By using levels of pressure that the horses defense system does not internally resist we can then begin to work together alleviating soreness, strain and tension, also deepening the bond of trust between horse and human.
Myofascia Releasing Therapy
Myofascia Release for equines is a form of soft uninvasive hands on body work. The equine must give his approval for all releases and integrations. Both myofascia release work and cranial sacral work are direct hand contact with connective tissue.
The term 'Soma Emotional Recall and Release' was developed by John Upledger in 1983. Connective tissue is known to have a memory. When the body experiences a traumatic event the energy enters the body and often gets stuck, and becomes a block to the bodies natural energy flow. This is often called an energy cyst. Equines often hold trauma in energy cysts in myofascial tissue that has become restricted. When offering the horse this form of bodywork the value of full soma emotional recall can not be overestimated.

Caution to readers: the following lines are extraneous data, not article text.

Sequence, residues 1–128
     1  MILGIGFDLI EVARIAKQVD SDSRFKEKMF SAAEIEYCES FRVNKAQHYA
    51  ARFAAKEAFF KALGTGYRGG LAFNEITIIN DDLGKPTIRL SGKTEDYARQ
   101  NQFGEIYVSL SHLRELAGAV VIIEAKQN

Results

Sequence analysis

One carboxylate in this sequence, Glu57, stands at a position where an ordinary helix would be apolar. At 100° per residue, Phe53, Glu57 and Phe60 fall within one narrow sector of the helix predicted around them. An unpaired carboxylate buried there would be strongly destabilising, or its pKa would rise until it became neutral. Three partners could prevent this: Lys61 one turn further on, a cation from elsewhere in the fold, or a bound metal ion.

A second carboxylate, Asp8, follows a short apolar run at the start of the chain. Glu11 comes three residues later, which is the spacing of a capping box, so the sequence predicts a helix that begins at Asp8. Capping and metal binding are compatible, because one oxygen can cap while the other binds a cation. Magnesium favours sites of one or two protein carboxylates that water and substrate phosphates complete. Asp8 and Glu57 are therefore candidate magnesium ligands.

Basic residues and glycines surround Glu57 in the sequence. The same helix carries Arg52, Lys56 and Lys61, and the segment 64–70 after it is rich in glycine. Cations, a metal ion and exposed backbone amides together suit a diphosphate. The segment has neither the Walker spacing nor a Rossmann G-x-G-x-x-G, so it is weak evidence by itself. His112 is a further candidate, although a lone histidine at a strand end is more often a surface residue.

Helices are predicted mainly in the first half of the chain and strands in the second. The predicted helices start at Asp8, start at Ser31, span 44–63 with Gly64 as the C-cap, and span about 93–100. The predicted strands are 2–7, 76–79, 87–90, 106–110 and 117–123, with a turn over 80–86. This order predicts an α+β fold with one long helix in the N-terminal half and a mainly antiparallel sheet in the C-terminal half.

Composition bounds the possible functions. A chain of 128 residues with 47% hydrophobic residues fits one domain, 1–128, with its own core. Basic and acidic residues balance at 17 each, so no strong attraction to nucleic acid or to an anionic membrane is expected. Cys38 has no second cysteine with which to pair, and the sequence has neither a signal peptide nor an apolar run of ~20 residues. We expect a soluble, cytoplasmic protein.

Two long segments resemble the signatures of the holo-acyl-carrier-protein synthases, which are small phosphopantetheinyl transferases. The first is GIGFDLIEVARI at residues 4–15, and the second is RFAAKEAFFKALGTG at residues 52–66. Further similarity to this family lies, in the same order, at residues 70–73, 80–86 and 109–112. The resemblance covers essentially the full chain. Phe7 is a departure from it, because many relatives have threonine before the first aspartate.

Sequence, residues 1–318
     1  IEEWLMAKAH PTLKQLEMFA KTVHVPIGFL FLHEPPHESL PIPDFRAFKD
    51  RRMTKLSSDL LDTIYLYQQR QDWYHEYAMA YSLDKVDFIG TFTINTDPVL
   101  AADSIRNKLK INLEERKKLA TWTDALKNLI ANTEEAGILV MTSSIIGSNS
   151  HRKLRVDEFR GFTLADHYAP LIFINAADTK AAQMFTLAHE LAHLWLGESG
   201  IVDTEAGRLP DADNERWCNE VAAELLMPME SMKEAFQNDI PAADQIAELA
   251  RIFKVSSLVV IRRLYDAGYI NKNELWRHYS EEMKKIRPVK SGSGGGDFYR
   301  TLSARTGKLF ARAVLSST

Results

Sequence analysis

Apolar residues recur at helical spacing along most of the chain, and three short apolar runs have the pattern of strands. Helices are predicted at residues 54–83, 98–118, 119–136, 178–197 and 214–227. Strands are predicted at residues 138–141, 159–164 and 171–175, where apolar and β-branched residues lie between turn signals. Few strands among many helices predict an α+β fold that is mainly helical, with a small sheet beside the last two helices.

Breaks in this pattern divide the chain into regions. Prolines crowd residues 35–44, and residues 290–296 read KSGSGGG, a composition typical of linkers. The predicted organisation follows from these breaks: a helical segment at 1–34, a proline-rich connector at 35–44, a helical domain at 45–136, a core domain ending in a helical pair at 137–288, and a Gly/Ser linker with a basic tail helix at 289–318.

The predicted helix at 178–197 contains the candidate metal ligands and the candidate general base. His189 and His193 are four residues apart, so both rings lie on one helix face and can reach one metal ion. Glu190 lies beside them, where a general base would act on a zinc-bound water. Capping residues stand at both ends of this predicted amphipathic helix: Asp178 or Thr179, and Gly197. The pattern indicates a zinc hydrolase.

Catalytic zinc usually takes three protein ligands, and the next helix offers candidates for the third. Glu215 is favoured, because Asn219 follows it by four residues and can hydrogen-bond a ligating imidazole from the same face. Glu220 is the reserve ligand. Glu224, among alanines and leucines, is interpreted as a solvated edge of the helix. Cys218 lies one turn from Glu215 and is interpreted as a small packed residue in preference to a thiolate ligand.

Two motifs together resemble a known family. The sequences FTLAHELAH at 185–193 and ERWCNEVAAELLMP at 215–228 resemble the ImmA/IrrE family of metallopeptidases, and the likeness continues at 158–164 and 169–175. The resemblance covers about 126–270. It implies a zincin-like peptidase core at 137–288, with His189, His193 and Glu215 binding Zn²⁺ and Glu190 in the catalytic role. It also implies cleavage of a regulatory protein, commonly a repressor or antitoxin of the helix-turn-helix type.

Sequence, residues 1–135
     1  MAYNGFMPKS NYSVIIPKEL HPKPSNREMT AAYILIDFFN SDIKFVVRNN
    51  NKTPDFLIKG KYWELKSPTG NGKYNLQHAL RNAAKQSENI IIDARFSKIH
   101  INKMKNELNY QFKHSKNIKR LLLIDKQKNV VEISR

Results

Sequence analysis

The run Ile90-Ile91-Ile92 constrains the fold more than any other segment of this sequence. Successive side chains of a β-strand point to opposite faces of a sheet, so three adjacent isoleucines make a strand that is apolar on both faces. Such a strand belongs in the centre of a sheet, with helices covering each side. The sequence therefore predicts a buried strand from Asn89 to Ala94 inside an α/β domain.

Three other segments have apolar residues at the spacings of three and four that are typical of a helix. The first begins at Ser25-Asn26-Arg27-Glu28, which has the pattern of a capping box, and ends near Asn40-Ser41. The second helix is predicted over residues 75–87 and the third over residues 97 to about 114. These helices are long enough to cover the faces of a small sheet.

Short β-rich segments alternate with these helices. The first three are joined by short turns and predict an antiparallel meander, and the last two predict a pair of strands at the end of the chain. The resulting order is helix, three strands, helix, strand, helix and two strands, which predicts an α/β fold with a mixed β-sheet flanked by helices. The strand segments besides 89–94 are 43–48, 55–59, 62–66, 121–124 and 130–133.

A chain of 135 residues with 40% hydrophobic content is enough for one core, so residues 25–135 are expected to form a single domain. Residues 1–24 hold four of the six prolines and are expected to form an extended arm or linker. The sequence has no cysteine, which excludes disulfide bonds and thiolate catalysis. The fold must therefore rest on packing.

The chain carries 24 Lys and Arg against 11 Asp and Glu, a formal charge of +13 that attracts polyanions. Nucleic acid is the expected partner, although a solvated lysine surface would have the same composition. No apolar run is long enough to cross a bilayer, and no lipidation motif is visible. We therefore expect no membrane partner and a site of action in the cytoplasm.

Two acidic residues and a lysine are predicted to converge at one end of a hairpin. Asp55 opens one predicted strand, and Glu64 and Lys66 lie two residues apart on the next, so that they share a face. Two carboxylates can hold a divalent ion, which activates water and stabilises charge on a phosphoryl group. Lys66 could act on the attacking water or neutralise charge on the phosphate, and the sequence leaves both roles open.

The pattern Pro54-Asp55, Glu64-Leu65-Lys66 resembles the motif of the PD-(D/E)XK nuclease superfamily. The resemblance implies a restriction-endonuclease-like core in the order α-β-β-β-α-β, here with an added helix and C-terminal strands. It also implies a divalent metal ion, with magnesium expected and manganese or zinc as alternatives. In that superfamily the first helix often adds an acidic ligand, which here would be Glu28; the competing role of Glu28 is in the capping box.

Unlike humans who have access to entertainment, horses live focused on their body and athletic ability. It is a worrisome stressful time for a horse when he cannot move well or has pain. He cannot watch a movie or sink a glass of wine for distraction. His attitude towards work will sour and he will loose confidence in his athletic abilities which creates continual anxiety.
For many horses 1 to 4 sessions are enough to completely clear old compensations and injury patterns.
Your equine will regain all his potential, and his attitude will be vibrant and happy.
Scar Tissue Release
After 3rd session
Scar tissue is formed as part of the normal healing process. It inevitably forms when any of our bodies tissue is damaged. Most people understand scars that form as a result of a cut, as they are easy to see. However scar also forms internally when we injure our muscles, ligaments and tendons. Internal scar tissue can affect many parts of the body and could reduce blood supply to vital organs. A scar can also pinch meridians.